Azure AD B2C – or Active Directory Business-to-Consumer – is a means by which you can provide consumers of your application to create accounts with social media providers like Facebook or Twitter.

But… Identity is hard. (I wrote 11 blog posts on it!)

And one of the stories that I heard from a developer was how difficult it was to wrap their head around the concepts. This is great feedback, and I’m able to talk to the product team on how we can improve our documentation.

Another story was a person was having trouble integrating sign-ups and logins of their internal line-of-business apps with their consumer-facing apps. In other words, having an internal superuser login to an app the same way a regular consumer would. The ideal way, from the developer’s perspective, would be to do both with Azure AD B2C. But upon conferring with the product teams – the best way would be to have the internal employees use Azure AD and have those users federated to AD B2C.

Xamarin.Forms Layouts

LayoutOptions.Fill  or LayoutOptions.FillAndExpand  – which one to use and when? That was another challenge I heard about, but the really challenging part was there was a bug underneath where FillAndExpand wasn’t acting as expected.

A great thing about a project being open sourced is that you can open issues with it to report bugs. And that’s exactly what I advised this person to do.

And check out this issue for a great example of a very detailed, well-reported one.

Azure Mobile App Services – Get That Data Flat!

I give a talk titled Lessons Learned from Making Mobile Apps Resilient. And one of the topics I touch on is to keep your database schemas as flat as possible – if possible, try to denormalize them.

Flatten data image

If you’re an old-timer like me, that flies in the face of everything you’ve been taught about database design, but it’s for good reason.

But an issue with having highly relational data is due to the way the controllers are set up on the server side. They are meant to model a single table. Which means if you need to get a customer name and their address, for example, and that data is in two different tables, you’re going to have to do something special. (Without getting into all the specifics here.)

Needless to say, that approximates a situation I heard about a couple of times in the office hours. In effect, retrofitting a legacy schema to work with Azure Mobile App Services server-side table controllers.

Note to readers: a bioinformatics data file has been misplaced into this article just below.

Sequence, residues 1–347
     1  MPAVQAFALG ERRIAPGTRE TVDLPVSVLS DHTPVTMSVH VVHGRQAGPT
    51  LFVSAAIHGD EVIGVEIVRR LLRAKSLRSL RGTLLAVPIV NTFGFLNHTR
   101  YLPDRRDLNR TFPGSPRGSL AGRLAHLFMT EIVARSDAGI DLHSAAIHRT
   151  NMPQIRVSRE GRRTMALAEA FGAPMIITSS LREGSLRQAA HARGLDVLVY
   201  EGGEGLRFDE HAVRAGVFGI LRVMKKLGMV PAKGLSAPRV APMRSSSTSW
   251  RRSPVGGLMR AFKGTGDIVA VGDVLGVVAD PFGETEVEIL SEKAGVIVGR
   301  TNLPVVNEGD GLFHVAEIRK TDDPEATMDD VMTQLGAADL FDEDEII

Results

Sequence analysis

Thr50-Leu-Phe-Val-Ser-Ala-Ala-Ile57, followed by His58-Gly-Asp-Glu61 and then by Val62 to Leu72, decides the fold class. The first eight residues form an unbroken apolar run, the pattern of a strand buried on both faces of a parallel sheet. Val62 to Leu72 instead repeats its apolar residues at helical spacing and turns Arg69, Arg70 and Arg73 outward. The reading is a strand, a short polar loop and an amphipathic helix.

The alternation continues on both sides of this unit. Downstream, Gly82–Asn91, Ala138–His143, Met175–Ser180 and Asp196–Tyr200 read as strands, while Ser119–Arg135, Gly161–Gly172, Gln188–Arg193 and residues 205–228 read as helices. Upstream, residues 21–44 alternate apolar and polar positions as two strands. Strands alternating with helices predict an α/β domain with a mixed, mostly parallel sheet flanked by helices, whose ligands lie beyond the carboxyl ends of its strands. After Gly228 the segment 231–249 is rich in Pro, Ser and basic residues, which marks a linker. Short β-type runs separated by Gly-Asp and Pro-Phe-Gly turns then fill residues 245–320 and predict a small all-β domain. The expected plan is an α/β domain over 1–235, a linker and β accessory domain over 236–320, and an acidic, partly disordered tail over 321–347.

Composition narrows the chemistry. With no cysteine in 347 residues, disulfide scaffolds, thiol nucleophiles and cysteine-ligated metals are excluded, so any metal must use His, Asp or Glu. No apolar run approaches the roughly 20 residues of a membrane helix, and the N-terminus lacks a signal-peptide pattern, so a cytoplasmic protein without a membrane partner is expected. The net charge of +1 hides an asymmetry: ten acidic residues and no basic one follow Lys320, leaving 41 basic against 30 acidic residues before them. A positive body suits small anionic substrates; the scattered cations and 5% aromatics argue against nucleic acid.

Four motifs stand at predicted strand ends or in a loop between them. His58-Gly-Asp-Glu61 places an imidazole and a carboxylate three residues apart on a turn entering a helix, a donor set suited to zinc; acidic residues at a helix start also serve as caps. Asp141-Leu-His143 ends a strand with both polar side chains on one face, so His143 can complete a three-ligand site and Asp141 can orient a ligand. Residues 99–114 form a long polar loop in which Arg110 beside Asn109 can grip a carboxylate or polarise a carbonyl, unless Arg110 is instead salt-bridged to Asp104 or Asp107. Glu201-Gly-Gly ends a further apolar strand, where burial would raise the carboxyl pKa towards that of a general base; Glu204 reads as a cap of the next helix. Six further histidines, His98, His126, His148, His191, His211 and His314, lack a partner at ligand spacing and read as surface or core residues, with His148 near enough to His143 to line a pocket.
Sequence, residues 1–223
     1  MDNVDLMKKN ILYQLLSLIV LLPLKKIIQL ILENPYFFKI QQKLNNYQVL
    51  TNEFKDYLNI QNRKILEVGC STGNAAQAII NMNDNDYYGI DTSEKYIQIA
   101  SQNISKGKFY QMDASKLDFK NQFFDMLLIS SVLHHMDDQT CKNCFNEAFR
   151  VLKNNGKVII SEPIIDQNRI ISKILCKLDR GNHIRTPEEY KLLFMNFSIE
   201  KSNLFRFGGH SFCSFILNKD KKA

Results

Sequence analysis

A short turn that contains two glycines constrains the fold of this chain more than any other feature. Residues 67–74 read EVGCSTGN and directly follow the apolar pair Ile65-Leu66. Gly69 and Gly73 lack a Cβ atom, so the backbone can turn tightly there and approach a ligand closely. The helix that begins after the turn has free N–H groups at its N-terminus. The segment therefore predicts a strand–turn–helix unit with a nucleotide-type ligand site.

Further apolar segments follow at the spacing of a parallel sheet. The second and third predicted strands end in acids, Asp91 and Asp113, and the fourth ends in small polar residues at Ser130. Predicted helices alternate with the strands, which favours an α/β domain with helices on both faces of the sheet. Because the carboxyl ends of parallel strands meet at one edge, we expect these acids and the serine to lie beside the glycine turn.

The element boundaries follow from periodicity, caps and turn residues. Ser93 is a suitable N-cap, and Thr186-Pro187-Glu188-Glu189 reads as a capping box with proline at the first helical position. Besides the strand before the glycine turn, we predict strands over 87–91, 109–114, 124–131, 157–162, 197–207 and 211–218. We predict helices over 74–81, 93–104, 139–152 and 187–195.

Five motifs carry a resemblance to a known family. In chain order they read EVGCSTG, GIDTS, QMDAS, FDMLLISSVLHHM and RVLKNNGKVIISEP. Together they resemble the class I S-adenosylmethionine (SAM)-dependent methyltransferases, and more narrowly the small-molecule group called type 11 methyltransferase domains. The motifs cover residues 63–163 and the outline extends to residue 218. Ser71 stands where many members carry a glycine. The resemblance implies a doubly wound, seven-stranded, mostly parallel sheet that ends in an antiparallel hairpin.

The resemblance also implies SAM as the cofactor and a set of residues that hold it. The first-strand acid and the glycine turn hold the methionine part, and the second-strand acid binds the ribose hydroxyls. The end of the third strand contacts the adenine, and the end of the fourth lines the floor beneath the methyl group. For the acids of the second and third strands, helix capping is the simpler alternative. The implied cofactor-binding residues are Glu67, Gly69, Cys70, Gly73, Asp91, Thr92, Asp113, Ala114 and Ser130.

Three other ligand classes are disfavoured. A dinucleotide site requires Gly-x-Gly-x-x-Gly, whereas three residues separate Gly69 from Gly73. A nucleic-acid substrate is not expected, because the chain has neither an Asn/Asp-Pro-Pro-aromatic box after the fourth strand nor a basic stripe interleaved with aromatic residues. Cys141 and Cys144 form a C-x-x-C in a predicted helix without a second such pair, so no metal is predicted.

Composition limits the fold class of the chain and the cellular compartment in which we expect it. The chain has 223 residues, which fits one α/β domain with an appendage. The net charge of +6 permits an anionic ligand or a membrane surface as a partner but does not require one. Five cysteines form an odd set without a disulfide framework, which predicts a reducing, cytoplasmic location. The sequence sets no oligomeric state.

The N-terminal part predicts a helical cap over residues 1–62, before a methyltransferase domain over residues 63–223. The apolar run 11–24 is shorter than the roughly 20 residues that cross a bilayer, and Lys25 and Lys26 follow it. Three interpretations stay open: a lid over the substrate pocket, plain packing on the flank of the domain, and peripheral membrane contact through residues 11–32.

The Questions

And of course the questions. What follows are some common questions I heard several times, and go figure – Azure Mobile App Services comes up here too!

The Future of Azure Mobile App Services

I received several questions about the future of Azure Mobile App Services that can best be summed up as: “What’s the future of Azure Mobile App Services?”

I can’t really answer that one without getting myself into trouble – but we know that Azure Mobile App Services isn’t getting a lot of attention right now, and it’s something that we’re working to fix.

Visual Studio App Center Build vs Azure DevOps

Another question I heard in a couple different forms was “What is the difference between Visual Studio App Center Build and Azure DevOps”?

Think about it this way. If you really need to get in-depth and customize your build pipelines, Azure DevOps is for you. But if you’re happy with what Visual Studio App Center provides out of the box – go with that. VS App Center uses Azure DevOps under the hood, but the customization isn’t as verbose as Azure DevOps.

Is the .NET Framework Dead?

This is a big one of some consequence – is the full .NET framework dead?

No. It’s alive and well.

The .NET Framework may move a bit slower than .NET Core, but that’s because it needs to maintain compatibility across over a billion machines. Rest assured, .NET Framework is moving forward, as can be seen with the 4.8 version of the .NET Framework.

Read more about this with Scott Hunter’s blog post here.

Is Anybody Using GraphQL?

Good question! If you’re using GraphQL – I want to hear about it!

Schedule Your Office Hours!

Schedule some office hours with me to talk about how you’re using GraphQL – or about anything! Successes, challenges, or questions – anything is fair game!

I ❤️ developers and I want to hear your stories. Together we can make everybody’s experience developing with Xamarin and Azure better!